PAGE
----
By Andrew Erskine
Andrew Erskine follows the path and personality of Roman growth in the course of the Republic and Early Empire. He concentrates at the influence of Roman rule at the topic and the impression of empire on imperial energy, themes that experience lengthy been arguable between smooth students. perspectives on Roman imperialism have regularly been proficient via modern perceptions of overseas strength relations—one cause scholars interact with the topic so without difficulty.
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Extra resources for Roman Imperialism (Debates and Documents in Ancient History)
Embassies were sent to the major federations of mainland Greece, the Aitolian and Achaian Leagues, and to the cities of Athens and Corinth to make the Roman case. In Corinth the Romans were even given the honour of admittance to the Isthmian games (Polyb. 12). No embassy, however, was sent to the leading power in Greece, the Macedonian king, an omission which can hardly have been an oversight and one that may suggest that in their choice of embassies the Romans were looking to the future. The Macedonians were likely to have viewed Roman activity in the western Balkans as an incursion into their sphere of influence, a view that would not have been dispelled by a second Roman expedition in 219 to overthrow another Illyrian dynast, Demetrios of Pharos, who subsequently took refuge at the Macedonian court.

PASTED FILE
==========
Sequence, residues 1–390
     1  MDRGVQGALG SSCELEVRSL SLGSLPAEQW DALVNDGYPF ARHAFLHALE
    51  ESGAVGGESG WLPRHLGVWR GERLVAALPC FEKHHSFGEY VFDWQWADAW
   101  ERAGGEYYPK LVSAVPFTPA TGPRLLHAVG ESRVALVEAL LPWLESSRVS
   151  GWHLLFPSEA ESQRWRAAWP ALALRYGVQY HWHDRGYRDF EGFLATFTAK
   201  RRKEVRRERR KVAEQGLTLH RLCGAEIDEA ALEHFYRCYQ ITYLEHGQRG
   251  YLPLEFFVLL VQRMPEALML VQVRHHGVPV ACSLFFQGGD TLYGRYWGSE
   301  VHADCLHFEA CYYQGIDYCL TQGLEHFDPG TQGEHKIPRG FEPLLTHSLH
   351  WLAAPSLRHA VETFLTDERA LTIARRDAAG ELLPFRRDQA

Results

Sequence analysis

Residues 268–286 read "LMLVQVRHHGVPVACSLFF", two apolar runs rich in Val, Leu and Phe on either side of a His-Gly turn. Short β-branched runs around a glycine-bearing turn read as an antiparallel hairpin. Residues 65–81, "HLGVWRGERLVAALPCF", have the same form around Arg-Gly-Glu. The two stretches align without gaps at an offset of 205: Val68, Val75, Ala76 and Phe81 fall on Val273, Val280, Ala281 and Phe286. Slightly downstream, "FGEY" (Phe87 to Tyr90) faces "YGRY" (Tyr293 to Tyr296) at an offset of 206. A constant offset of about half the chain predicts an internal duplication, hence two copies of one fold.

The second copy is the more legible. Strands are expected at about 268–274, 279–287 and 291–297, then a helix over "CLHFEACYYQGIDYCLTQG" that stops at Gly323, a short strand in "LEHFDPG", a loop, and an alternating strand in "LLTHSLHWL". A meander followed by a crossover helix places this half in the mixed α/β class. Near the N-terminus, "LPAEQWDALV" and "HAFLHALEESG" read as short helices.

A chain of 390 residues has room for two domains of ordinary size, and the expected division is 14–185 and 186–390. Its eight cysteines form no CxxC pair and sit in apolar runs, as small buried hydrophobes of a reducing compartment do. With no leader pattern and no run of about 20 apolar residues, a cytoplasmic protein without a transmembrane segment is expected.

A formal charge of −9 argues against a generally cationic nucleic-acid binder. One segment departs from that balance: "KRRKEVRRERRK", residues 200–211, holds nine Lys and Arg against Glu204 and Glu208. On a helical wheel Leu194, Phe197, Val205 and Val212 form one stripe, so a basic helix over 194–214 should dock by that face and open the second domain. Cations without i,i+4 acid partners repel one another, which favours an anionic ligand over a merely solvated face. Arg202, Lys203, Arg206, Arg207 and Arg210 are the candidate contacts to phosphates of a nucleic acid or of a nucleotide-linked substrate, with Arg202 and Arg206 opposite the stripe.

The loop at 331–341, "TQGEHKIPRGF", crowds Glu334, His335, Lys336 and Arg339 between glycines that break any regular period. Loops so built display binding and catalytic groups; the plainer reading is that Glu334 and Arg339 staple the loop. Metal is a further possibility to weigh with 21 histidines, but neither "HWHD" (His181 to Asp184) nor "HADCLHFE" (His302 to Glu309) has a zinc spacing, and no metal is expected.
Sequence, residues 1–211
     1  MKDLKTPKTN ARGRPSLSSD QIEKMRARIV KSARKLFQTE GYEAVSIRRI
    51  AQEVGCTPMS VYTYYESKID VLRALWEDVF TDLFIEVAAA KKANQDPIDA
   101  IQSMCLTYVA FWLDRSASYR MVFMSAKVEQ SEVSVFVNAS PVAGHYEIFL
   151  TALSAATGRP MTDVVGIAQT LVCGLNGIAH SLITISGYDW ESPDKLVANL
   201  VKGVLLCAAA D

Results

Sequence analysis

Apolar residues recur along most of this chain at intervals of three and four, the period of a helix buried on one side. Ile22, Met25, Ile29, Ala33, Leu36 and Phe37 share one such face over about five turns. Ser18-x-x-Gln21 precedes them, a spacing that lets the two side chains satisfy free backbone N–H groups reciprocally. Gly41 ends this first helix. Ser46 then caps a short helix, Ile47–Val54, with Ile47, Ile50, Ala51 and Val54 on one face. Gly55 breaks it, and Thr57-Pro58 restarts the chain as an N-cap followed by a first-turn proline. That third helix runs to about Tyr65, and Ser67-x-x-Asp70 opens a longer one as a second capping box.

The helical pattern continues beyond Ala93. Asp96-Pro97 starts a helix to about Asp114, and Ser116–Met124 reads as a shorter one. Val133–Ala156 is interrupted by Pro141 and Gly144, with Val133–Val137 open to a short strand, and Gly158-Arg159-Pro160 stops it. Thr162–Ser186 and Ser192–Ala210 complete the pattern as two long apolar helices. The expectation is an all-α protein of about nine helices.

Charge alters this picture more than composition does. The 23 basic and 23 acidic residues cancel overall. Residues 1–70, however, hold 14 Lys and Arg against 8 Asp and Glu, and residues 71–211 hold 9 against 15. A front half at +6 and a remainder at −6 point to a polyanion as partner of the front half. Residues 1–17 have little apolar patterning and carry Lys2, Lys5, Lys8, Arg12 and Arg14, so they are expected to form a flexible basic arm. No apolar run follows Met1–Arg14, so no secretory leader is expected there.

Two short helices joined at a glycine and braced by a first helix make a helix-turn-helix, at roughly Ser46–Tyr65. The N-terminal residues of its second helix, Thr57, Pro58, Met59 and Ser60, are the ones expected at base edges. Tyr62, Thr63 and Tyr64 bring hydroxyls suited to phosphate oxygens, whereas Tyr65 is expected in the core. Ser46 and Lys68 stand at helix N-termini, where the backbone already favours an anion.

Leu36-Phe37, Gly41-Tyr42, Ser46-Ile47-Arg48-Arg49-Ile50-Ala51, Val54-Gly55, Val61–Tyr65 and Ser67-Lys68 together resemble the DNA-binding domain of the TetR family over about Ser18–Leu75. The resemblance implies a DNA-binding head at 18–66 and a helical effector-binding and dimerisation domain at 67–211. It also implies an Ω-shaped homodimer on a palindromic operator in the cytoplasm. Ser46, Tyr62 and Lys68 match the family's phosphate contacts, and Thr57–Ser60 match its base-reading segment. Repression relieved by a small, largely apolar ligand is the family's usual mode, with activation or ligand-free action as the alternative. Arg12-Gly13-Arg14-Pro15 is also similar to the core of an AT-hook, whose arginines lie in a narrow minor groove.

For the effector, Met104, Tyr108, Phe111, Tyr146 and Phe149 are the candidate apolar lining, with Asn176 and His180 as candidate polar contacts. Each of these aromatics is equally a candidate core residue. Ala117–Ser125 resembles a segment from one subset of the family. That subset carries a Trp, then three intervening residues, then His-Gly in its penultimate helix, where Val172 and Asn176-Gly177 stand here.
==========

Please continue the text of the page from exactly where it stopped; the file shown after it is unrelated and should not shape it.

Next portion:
Explanations for this unprecedented Roman intervention across the Adriatic are varied and have tended to focus on the immediate. Sources report a request from Italian traders for help against Illyrian pirates (Polyb. 8), an appeal from the Greek island-city of Issa in the face of an Illyrian siege (Appian, Illyrian Wars 7), and in both cases the subsequent murder of a Roman ambassador. Again we see the Romans drawn in by the appeals of others. Recently a new and persuasive interpretation has placed the war in the context of Roman activities on the Adriatic coast of Italy during the previous sixty or so years (Derow 2003: 51–4).
Unfortunately, 216 bc and the battle of Cannae mark the point where Polybios’ history breaks off and from here on we must rely on fragments of his history, often substantial but fragments nonetheless. Instead it is Livy who provides the narrative for Rome’s conquest of the eastern Mediterranean, much of it based on his reading of Polybios but more Romanocentric in its approach. The alliance, made in 215, led to an intermittent war between Philip and Rome, known in modern scholarship as the First Macedonian War, but Rome, preoccupied with the Carthaginians in Italy and Spain, did not have the resources to commit substantial forces to any new war zones.